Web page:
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Thursday, December 29, 2011

Korea Roundup 2011: The Final Highlights -- Fresh Tofu and Cold Noodles to Weather Snow

When it's extremely hot, Koreans eat even hotter foods like samgyetang, or chicken ginseng soup, so it's only natural that when it's extremely cold, Koreans eat even colder foods, like nengmyun, or cold buckwheat noodles.

This beef broth-based dish is very hard to get right. I still haven't found a great place in LA. I got a taste of the OG back in Korea at Hanwoori, which incidentally also serves a very mean jeongol guksoo, or beef noodle soup cooked tableside, that I reviewed a while back.

Here are other highlights.

1. Gamjajeon, or potato pancakes, similar to latkes but less shredded, served at Marohwajeok, which also serves killer yookhoe, excellent quality raw marinated beef strips with Asian pear strips and bulgoki.
2. Modern gujeolpan at Jeongdaham, which was like the original kogi "taco." Usually made out of flour and water, the wraps were colorful based on the additions of black sesame (dark grey) or spinach (green). And the fillings are traditionally different kinds of delicately sliced vegetables or meat. This one had vegetables but dressed in a light spicy mustard sauce that gave it an interesting kick.

Jeongdaham (정다함)
(031) 786-0877
3. The mushroom soup at the same place was also excellent. It tasted so comforting and rich with mushroom aroma and the addition of wild sesame powder that gives anything a very smoky and nutty flavor.

4. And the myulchi bokkeum, with the "candied" dried anchovies staring you in the eye, was crunchy, salty and slightly sweet -- hitting all the right notes.

5. I must give a shout-out to the tiny joints around Dongdaemun like Yeolboonshik (열분식), that invariably and utterly consistently serve fantastic kimbab, tuna rolls with perilla leaves that are made to order, for a meager $2. And on top of that, super spicy and gooey in a good way rabokki, stir-fried rice cakes with al dente ramen noodles, a hard-boiled egg, lots of green onions and fish cakes. The total damage for the entire meal: $5. OMG.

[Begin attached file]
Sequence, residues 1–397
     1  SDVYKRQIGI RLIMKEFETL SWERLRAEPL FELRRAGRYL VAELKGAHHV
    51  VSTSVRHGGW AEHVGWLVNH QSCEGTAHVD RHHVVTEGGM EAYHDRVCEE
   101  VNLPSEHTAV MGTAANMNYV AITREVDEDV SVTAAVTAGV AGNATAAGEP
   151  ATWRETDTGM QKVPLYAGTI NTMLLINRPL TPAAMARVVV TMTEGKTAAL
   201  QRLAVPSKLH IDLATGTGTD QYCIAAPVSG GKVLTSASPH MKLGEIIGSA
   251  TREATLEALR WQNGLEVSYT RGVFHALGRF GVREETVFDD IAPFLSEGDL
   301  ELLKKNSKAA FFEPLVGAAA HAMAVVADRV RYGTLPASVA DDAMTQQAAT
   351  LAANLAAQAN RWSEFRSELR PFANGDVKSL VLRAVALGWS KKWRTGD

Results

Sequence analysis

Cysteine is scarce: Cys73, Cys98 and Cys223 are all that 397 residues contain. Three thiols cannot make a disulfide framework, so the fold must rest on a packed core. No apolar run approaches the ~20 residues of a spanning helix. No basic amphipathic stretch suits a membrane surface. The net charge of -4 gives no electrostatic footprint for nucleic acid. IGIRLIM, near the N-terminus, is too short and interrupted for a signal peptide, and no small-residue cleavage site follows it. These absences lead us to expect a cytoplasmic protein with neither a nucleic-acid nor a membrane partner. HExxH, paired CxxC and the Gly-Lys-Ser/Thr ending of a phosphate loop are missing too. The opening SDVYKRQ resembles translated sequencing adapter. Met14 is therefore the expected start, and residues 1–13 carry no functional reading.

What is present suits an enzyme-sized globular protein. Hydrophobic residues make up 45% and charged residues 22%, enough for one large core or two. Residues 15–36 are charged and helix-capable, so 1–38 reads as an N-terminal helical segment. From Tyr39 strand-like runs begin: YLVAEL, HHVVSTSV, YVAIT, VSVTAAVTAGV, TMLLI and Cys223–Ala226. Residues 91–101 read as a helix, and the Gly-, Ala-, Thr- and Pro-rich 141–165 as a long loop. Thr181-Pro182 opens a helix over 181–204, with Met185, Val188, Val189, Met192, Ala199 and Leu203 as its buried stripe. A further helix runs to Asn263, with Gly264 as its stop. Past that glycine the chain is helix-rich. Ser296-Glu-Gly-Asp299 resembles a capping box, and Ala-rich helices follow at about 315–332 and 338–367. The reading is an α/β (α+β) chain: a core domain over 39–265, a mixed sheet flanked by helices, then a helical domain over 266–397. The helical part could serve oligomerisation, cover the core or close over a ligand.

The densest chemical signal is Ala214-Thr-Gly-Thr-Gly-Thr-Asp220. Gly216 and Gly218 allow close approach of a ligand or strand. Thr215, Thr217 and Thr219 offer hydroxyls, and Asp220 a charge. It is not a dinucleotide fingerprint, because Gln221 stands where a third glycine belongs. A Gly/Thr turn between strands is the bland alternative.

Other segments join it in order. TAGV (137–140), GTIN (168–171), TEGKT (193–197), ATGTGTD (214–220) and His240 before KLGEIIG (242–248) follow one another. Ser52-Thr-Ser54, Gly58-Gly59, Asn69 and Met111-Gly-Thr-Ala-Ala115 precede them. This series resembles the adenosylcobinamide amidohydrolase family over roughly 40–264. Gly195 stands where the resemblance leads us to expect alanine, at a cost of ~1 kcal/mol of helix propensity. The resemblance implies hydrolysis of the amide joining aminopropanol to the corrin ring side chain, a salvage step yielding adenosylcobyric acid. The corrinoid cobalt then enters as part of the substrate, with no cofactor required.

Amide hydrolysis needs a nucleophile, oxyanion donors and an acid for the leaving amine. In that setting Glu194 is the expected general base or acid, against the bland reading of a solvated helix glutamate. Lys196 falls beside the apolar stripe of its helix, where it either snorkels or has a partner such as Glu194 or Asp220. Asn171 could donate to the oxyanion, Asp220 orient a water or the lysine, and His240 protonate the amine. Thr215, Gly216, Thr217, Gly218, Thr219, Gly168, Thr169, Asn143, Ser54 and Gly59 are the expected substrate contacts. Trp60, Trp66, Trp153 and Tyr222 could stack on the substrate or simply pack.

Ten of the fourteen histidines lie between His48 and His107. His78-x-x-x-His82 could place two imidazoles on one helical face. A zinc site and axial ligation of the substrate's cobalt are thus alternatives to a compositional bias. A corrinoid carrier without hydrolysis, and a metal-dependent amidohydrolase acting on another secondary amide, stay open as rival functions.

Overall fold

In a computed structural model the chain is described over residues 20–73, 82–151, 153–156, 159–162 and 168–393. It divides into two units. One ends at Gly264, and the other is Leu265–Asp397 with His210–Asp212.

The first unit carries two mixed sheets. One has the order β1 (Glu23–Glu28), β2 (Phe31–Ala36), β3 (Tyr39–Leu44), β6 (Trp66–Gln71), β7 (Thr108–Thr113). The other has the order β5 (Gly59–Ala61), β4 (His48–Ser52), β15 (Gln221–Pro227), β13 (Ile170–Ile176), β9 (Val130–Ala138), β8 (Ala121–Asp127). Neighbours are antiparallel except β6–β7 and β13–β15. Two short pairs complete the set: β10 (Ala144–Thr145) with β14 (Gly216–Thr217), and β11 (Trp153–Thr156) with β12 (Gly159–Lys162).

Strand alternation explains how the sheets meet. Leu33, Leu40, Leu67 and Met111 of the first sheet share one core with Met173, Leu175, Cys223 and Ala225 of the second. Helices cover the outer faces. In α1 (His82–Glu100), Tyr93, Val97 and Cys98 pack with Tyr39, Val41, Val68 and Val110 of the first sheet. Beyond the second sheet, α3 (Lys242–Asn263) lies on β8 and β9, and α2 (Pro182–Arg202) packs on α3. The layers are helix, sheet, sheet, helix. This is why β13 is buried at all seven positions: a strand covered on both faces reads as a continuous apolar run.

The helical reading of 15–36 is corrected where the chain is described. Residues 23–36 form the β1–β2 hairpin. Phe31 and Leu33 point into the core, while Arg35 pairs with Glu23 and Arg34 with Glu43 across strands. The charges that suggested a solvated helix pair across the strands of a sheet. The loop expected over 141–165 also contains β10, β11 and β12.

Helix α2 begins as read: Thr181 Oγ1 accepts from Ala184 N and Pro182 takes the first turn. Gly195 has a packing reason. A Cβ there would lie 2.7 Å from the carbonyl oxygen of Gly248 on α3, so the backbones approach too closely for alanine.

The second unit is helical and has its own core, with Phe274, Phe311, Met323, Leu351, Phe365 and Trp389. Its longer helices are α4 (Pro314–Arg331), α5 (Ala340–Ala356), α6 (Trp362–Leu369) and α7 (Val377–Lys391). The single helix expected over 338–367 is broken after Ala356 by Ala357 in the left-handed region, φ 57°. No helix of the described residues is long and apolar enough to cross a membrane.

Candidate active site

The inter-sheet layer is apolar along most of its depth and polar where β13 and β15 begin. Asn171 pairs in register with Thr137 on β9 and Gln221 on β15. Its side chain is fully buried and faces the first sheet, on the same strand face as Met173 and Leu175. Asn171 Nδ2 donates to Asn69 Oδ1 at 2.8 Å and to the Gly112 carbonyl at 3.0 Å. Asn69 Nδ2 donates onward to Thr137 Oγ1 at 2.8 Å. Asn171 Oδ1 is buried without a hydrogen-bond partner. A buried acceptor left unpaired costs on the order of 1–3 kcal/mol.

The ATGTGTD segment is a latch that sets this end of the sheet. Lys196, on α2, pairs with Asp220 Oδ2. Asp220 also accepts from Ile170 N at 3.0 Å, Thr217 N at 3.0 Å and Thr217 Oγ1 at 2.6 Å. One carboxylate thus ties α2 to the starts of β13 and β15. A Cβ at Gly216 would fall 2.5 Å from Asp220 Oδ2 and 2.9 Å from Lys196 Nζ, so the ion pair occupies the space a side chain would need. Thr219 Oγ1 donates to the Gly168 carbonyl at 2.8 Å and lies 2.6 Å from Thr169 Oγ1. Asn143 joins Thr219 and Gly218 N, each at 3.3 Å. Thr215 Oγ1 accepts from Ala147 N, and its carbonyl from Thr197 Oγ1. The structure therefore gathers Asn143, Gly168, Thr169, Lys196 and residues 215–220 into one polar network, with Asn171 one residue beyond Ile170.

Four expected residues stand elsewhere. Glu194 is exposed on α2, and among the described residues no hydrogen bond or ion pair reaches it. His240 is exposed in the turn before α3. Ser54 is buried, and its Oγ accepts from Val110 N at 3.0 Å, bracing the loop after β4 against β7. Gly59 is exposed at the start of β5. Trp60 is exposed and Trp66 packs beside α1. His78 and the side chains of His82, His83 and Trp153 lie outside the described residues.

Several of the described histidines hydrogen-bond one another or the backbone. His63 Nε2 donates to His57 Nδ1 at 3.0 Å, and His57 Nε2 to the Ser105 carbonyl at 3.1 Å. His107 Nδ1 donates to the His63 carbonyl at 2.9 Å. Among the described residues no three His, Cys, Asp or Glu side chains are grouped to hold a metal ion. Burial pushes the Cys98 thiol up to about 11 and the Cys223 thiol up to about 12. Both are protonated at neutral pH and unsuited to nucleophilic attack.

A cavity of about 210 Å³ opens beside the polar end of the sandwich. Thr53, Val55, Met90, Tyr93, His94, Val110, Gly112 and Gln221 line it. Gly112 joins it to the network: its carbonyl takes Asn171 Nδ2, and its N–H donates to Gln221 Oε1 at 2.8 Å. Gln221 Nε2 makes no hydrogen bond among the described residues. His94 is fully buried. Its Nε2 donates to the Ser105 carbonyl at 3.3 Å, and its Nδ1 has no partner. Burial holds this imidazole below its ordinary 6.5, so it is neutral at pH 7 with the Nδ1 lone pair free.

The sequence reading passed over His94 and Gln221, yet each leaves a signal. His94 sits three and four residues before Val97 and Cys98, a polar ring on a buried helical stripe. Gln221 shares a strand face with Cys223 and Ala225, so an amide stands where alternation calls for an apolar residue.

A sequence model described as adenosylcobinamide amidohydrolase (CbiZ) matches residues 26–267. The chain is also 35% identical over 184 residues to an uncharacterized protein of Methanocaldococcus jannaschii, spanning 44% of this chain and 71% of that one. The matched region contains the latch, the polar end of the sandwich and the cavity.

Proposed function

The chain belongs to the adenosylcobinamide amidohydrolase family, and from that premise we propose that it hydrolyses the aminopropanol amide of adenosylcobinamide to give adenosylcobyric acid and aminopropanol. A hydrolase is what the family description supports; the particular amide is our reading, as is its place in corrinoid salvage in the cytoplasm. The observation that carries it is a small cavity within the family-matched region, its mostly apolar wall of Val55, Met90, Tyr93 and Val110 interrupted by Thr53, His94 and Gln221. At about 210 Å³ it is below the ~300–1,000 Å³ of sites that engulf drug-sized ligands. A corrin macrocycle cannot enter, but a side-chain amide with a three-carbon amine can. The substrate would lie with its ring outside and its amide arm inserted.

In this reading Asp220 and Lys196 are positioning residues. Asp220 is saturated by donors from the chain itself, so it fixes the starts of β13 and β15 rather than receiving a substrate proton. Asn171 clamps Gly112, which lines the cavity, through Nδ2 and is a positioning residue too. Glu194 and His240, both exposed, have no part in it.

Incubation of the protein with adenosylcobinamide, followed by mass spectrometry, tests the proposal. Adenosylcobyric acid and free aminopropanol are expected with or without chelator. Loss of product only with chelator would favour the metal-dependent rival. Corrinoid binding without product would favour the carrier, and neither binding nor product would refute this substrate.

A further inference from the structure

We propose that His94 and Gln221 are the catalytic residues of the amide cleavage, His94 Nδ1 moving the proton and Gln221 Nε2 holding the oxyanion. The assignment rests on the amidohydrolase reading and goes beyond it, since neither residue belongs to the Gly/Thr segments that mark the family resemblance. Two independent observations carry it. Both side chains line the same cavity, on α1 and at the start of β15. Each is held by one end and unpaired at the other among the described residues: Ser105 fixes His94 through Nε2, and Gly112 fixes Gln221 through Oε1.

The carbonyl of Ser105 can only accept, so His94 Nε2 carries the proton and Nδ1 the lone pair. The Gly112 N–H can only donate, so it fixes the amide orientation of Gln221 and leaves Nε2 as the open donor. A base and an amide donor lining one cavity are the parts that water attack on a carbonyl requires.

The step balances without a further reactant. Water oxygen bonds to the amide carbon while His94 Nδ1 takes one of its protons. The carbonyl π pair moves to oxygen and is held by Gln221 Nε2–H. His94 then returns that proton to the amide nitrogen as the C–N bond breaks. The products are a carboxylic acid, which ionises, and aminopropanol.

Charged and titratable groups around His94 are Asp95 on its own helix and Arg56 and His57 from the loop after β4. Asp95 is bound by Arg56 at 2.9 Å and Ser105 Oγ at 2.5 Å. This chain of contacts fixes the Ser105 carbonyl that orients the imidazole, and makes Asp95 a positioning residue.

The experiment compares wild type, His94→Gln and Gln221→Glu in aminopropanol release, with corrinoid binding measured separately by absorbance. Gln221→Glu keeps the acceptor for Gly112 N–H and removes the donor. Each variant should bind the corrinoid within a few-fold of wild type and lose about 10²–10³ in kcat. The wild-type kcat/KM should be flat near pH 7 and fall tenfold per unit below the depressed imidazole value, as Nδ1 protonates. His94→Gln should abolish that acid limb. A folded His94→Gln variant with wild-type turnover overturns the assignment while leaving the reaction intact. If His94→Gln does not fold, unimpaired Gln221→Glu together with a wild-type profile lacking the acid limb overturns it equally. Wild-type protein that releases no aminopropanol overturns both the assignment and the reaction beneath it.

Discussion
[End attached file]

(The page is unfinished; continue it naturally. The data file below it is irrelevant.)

Yeolboonshik (열분식) -- It delivers!
(02) 2237-4535

6. Freshly made tofu at Dubu Maeul: Everything else was mediocre but the huge block of fresh tofu with stir-fried over-ripe kimchi was something I really missed in LA. I used to be able to go to any market's basement and sample piping hot tofu blocks fresh out of the tray. This tofu, made fresh every morning at the restaurant, took me back. Time to make my own tofu at home, perhaps?
Dubu Maeul (두부마을)
(031) 266-3868

7. Galbi and Nakji jiim at Moodol: I'd never had braised short ribs with octopus before, so it was an interesting treat trying this version that was a specialty from Cheolla Province in Korea's Southwestern region. Octopus could easily be rubbery if overcooked but combined with super soft short ribs, they were tender and had just the right level of chewiness. The marinade wasn't overly sweet or salty but just right.
Moodol (무돌)
(02) 515-3088

8. Moving on to desserts, I had a revelation with this rice cake called duteopttuk from Chaegeundam. I could tell it was made with extreme care and skill. It's not sold in your typical rice cake shop but take one bite and you'll taste the cinnamon, pine nuts, chestnuts, walnuts and jujubes, as well as the hints of sweetness from honey and essence from dried yuja rind, also known by its Japanese name, yuzu.
Chaegeondam (채근담)
(02) 555-9173

9. For some serious desserts, we headed to Be Sweet On and had the most spectacularly grandiose and sweet indeed St. Honore cake, apple tartine and a strawberry layered wafer cake. The St. Honore was, in a word, ridiculous. The puffs were perfect, topped with a dark brown and glossy caramel with custard cream on the inside. Wow.
The strawberry layered wafer cake was probably the least memorable in terms of flavor. It was good but not as satisfying as the other two. The strawberry ice cream tasted home-made and was delicious.
The grand finale was the apple tartine, which was monumental in its vertical structure. The puff pastry layers were crumbly, crunchy and a bit on the over-baked side but still excellent. I felt like I was eating a deconstructed chausson au pomme, French apple turnovers that are one of my favorite things in the world to nibble on as a snack (warmed up in an oven, of course). Turnovers a-la-mode at that, with a scoop of home-made vanilla ice cream. I wished I could have finished it but alas, I was wavering between this and the St. Honore that's harder to come by unless you can fly to Paris at a moment's notice.

Be Sweet On
(02) 323-2370

I wish I could have tried more places and traveled outside of Seoul but I'll have to get a rain-check for that. Please share you Seoul eats stories here!

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